IT is not recorded that anyone at Scarborough this week said that the British Labour Party was at the cross-roads. At this party conference, as at all party conferences, the oratorical clichés were worked hard—but not that one. That is on the face of it rather surprising, for if ever a party found itself at a crisis in its own history—a crisis in which it really is faced with a choice between two utterly different and diverging paths—it is the Labour Party today. It is just possible that most of the delegates at what will probably be written down as an unusually quiet conference simply did not see the clear choice, which stares them in the face. It is a choice between, on the one hand, a continued attempt to direct the infinitely complex life of a highly developed modern society through the broad decisions of a few not very well qualified men and, on the other hand, a frank recognition of the fact that even under a Socialist Government the detailed decisions of free indi- viduals have a valuable part to play. But if the majority of the delegates did not see this straight antithesis between more State direction and the very survival of liberty—even if Mr. Shinwell and Mr. Bevan, the one blinded by the joys of present office and the other by the hope of greater power, did not see it—Mr. Morrison certainly did. In every word of his carefully drafted speeches, in which he tried to keep a grip on the hard facts of the next election, there was the recognition of the fact that unless they command the reasonable assent of free individuals the policies of his party can only be dishonest, dangerous, and ultimately disastrous. Mr. Morrison realises, as no doubt do Mr. Attlee and all his more responsible colleagues, not only that liberty is precious in itself but also that it can be very useful to a Government which would hle to be helped out of its many economic difficulties. He may also have realised that since the British Labour Party owes its rise to the tireless efforts of free men it may yet have to draw strength for its survival from the same source.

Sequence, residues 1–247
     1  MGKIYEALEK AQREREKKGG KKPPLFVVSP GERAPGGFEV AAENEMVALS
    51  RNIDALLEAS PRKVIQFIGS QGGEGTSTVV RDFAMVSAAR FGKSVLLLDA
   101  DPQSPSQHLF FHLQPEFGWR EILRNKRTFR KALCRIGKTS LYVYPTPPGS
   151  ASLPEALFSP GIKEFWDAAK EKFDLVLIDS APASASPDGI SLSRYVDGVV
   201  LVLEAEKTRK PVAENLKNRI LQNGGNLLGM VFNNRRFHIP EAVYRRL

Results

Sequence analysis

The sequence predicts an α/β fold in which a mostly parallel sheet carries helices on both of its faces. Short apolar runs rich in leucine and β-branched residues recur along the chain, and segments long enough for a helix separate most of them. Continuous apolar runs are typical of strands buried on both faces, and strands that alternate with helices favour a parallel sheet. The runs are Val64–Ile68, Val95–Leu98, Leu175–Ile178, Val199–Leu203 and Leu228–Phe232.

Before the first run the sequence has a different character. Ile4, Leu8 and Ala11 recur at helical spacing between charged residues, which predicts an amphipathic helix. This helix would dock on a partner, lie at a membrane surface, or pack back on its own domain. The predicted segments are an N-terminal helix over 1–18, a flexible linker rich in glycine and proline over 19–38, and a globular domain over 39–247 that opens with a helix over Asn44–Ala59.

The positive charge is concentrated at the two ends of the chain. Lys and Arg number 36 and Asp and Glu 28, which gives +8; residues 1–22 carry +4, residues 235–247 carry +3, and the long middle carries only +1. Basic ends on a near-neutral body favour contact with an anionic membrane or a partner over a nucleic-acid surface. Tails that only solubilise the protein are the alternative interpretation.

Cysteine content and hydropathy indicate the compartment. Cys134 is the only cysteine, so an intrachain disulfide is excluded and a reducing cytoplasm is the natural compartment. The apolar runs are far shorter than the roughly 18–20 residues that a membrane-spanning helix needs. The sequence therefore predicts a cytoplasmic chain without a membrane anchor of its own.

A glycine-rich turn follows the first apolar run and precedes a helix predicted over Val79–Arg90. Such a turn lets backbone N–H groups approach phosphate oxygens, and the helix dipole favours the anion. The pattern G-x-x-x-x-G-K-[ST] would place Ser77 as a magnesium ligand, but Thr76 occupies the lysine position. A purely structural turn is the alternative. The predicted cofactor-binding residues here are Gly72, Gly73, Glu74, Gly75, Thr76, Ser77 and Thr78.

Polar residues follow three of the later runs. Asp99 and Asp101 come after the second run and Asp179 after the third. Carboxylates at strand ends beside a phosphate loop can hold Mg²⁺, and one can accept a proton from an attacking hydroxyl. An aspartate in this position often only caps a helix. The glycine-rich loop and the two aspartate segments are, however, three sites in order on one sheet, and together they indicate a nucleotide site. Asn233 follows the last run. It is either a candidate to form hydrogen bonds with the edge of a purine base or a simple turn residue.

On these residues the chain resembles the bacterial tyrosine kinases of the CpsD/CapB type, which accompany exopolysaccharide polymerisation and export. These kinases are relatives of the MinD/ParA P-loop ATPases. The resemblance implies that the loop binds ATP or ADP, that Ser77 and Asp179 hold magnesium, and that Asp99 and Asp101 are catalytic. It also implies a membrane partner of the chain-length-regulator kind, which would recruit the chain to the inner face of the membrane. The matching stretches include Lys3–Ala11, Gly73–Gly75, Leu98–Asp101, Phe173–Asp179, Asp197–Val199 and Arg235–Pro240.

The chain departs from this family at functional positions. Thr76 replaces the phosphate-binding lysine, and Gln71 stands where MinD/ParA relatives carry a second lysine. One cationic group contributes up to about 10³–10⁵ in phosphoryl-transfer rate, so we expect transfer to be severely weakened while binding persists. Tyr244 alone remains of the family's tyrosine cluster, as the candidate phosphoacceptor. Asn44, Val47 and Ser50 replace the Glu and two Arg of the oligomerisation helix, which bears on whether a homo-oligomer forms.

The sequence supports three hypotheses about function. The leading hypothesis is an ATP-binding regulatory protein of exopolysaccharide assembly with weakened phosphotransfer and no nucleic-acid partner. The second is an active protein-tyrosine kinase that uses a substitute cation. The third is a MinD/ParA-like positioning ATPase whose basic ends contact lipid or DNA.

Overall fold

It is hardly surprising that the more active members of the Cabinet should have begun to realise first that policies, even Socialist policies, do not work themselves, but can only be carried out, after much careful thought, by individuals who may, up to a point, be coerced, but who preferably should be convinced. It is also to be expected that the mass of local parties and delegates who drew up the incredibly diffuse agenda, ranging from Party International Activities to Pin-table Saloons, and who crowded the floor of the conference, should lie the most ready to forget the practical details and put their trust in resounding phrases. But it would be a mistake to regard the antithesis which faces the Labour Party merely as the latest manifestation of the familiar conflict between the platform and the floor. In the first place the party executive had not made up its own mind about the next step, and formally will not have to do so until it produces its election pro- gramme at Whitsun, 1949. In the second place the dilemma which faces Ministers who want to make use of the enormous forces of individual initiative, while at the same time pursuing a policy which weakens those forces, must soon present itself to the rank and file.